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What does it take to get an arts grant from the D.C. government?

In 2003, 588 hopeful applicants sought cash from the D.C. Commission on the Arts and Humanities for various projects. Sometimes they got what they wanted.

NAME: Amadou Kouyate

GRANT APPLIED FOR: Young Emerging Artist Program; city offers up to $2,500 to artists between the ages of 18 and 30.

MONEY NEEDED FOR: recording an album

BACKGROUND: Kouyate, now 23, was a student at Howard University when he applied. He is the 150th generation of the Kouyate clan and “a dynamic djembe and koutiro drummer,” according to his application. “I am the first generation born on American soil,” wrote Kouyate, whose family is from Senegal, “and therefore must preserve the knowledge of my mother’s clan, who have sewn their roots into this nation since their being stripped from the arms of our motherland many centuries ago.”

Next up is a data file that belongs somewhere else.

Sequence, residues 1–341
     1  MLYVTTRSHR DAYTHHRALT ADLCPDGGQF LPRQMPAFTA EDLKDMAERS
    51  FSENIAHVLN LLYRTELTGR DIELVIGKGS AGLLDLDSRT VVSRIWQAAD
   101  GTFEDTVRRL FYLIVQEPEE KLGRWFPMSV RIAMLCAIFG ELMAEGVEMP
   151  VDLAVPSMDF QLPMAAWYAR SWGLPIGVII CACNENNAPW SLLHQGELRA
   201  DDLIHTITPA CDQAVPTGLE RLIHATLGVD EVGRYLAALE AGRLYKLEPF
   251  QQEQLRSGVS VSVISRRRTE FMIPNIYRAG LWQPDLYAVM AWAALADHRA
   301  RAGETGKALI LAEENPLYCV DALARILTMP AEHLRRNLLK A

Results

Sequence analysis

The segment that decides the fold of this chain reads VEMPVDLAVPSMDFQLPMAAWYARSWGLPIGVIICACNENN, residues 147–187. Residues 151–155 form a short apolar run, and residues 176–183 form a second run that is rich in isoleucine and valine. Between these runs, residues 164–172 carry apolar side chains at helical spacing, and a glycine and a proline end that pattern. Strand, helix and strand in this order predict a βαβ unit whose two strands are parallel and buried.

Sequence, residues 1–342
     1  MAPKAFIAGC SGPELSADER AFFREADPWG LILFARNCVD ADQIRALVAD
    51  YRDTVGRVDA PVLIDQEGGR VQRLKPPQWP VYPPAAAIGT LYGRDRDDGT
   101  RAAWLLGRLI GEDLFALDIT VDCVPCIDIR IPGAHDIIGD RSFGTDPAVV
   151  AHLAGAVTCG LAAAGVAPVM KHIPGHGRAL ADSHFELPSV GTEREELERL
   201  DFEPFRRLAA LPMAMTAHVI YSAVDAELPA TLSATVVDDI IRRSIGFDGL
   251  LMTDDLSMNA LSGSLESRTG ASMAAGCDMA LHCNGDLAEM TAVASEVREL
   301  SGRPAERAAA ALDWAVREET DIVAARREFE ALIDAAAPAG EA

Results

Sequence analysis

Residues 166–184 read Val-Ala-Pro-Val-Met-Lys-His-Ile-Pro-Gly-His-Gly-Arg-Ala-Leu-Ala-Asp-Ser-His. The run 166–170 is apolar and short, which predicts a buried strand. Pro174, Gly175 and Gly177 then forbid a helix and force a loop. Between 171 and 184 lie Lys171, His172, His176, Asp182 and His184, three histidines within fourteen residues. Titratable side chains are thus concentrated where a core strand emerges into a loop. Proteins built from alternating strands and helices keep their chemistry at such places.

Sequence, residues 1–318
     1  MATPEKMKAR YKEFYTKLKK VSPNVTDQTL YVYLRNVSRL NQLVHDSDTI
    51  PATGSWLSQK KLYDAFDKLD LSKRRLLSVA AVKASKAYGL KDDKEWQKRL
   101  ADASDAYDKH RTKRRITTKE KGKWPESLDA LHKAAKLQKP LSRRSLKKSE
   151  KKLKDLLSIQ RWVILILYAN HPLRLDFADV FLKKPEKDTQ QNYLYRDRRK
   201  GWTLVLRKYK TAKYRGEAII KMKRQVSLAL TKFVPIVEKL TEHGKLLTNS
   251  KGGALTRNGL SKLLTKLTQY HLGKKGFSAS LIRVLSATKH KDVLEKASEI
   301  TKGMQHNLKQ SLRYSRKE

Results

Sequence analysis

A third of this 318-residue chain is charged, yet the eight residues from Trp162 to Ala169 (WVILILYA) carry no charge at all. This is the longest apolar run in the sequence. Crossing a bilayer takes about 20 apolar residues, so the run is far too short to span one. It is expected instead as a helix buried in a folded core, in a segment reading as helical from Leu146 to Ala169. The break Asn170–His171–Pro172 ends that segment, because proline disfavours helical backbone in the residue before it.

PLAN: Kouyate aimed to create an album that blended together African-American spirituals, blues, hiphop, and a West African music called Manding, according to the project description. Instruments include the kora (a 21-string harplike instrument), acoustic bass, harmonica, saxophone, a djembe orchestra, and vocals (“in adjunction with the entire body”).


STATUS: disqualified

EVALUATION: Kouyate was automatically disqualified for pulling a no-show for his audition at the DCCAH, says José Dominguez, the commission’s grants and legislative manager.

UPSHOT: All of the music for the album is done, but Kouyate still does not have the money to produce it, he says. He also has a new strategy for winning grants: “I probably would go in and audition—that would have helped.”—Rachel Beckman